Understated in execution, this sophisticated album gently unfurls its serious ruminations and forlorn slowly to reveal a melodious pastoral-cosmic treasure every bit as deep and unassuming as their magnum opus debut.





Maurits Pauwels en de Benelux Calypso ‘Tien Toppers Uit Trinidad’
(Jezus Factory) 23rd August 2019



Even for a label that prides itself on pushing beyond the alt-rock cliché to discover and then promote new and interesting finds from the Benelux countries, the latest curiosity and change (again) in direction from one-time dEUS guitar-for-hire Mauro Pawlowski could be considered a surprise even by the standards of Jezus Factory Records output. Used to releasing a multitude of projects and sidebars from a host of Northern Europe’s rockers, a Flemish-style rave-up of Calypso music classics and obscurities raises eyebrows. Happily it works, as the sound of the Caribbean is given a rambunctious Lutheran makeover.

Under the Dutch native tongue alter ego of Maurits Pauwels, Mauro and his troupe take on the Calypso sound and the age in which it was most influential; adding Savoy label, be-bop, New Orleans’ ragtime jazz, dancehall and, on the LP’s most surprising break from the formula remit, ‘Alleen een Dwaas’, a kind of mish-mash of saddened progressive balladry and requiem Procol Harum.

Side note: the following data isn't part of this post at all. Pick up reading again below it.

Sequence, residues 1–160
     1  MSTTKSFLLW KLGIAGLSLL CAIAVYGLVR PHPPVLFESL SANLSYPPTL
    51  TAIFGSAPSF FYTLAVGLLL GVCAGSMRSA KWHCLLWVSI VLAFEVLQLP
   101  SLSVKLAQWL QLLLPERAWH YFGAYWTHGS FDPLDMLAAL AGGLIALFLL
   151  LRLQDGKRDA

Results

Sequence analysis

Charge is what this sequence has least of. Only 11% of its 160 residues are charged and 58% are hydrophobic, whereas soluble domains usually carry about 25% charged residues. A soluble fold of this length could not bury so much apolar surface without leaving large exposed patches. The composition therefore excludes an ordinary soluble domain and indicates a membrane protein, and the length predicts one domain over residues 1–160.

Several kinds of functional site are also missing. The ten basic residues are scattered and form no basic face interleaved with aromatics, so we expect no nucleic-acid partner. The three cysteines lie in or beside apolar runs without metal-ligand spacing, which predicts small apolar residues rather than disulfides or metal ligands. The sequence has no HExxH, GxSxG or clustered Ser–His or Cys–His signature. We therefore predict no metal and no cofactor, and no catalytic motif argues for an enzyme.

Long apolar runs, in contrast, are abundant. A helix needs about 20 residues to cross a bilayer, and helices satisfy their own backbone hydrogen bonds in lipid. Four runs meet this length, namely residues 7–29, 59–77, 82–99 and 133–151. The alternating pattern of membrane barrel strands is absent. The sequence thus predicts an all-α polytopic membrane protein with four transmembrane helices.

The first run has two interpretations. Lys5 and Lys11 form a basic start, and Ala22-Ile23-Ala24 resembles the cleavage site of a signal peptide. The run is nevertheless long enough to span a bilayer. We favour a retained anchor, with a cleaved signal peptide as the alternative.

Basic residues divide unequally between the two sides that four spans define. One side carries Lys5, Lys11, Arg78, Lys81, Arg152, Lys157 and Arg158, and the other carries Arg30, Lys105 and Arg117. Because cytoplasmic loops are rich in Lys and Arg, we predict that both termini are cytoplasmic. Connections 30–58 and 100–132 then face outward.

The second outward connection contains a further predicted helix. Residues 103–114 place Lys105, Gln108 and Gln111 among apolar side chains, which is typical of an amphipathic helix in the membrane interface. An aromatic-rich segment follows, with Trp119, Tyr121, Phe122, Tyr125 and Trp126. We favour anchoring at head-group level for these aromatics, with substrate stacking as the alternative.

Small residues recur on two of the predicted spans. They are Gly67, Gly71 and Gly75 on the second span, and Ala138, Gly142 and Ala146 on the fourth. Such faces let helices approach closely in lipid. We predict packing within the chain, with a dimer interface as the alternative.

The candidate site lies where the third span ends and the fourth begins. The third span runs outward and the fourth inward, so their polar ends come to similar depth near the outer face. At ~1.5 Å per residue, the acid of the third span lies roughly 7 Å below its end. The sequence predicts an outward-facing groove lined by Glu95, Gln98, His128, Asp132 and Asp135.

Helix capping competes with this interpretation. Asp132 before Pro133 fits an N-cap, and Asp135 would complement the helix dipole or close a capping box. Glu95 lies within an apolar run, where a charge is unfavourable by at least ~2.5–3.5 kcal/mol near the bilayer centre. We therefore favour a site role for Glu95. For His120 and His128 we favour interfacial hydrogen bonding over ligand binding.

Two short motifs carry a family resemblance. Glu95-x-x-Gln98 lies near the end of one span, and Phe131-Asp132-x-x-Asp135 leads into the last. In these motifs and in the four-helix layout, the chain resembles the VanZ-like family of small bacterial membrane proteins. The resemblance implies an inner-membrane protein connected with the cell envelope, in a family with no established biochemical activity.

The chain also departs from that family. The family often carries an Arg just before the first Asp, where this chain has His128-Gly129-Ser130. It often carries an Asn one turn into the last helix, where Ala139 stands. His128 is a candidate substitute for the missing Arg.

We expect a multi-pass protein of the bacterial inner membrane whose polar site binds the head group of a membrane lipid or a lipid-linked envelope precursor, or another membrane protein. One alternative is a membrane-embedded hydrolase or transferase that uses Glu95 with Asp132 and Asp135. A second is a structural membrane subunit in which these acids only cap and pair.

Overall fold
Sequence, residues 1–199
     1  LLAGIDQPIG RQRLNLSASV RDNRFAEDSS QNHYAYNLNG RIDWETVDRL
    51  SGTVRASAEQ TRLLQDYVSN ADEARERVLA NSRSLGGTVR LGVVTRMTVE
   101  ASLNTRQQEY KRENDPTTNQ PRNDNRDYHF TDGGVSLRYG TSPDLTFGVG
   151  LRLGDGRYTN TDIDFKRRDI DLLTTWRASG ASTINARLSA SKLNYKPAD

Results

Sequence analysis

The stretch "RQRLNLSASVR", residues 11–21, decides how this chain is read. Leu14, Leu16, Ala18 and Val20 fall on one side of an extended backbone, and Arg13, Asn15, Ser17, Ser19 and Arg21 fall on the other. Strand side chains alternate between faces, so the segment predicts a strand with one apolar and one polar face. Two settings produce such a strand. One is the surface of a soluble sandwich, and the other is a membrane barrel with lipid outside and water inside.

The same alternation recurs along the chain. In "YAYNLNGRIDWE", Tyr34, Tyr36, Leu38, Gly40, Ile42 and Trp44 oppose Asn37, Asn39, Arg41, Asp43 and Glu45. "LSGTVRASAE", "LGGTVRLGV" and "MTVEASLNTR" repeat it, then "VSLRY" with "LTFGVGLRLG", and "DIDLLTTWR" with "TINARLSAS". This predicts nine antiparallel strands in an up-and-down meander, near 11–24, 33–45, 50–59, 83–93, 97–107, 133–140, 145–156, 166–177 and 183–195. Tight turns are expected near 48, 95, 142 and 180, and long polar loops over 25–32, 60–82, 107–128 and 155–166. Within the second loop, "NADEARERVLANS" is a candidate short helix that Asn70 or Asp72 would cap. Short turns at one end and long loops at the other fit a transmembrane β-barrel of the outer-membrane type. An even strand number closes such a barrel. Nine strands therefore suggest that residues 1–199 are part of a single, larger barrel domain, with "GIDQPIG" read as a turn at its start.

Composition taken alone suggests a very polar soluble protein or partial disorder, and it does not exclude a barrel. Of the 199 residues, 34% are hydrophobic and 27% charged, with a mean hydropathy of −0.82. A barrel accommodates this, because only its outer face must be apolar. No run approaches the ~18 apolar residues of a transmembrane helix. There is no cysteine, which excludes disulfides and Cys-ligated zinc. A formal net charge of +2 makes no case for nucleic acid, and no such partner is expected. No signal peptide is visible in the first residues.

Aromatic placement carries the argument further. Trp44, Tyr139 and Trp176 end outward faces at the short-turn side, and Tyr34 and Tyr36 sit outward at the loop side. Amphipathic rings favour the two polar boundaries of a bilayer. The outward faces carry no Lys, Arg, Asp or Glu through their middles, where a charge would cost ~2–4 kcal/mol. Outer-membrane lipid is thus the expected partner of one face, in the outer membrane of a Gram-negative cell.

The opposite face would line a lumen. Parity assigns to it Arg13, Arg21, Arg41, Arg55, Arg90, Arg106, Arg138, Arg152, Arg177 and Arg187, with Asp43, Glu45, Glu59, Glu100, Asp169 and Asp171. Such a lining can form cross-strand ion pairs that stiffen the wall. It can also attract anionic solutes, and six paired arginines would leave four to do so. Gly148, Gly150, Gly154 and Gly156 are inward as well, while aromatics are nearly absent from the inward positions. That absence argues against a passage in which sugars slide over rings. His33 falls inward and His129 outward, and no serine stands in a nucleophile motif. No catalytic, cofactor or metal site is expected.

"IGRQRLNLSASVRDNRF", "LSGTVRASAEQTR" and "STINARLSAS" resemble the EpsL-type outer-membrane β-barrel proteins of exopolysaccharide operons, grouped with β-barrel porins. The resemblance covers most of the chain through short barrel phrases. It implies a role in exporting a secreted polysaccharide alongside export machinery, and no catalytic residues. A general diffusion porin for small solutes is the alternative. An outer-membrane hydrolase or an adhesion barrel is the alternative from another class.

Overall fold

Jostling to a backing track accompaniment of cupped and heralding brass, tumbled toms and saloon bar tonk (no honk) piano Mauro and his band sumptuously roll between vine-swinging Jungle Book, Caribbean cruise ships, be-bop joints and Egyptian art deco gin palaces; atmospheres in which you’re likely to hear the jovial Byron Lee, Lloyd Miller, New York Jazz Ensemble, Mighty Sparrow and Dizzy Gillespie rubbing up against more contemporary wry and serious themes: “dancing whilst thinking” as it’s billed.

It works well, as I said, another string to a crowded bow and one of Mauro’s most brilliantly executed and absorbing vehicles yet. And that’s from someone who’s back catalogue features over 90 projects. Take a punt and a swing whilst this limited edition release is still available.





Catgod ‘Feel It Go Round’
September 2019



Less an adoration style worship of a feline deity and more a peaceable, if deep, gentle collection of modern sonnets, the Oxford based Catgod attempt to make sense of all life’s woes with the subtlest of touches on their debut LP, Feel It Go Round.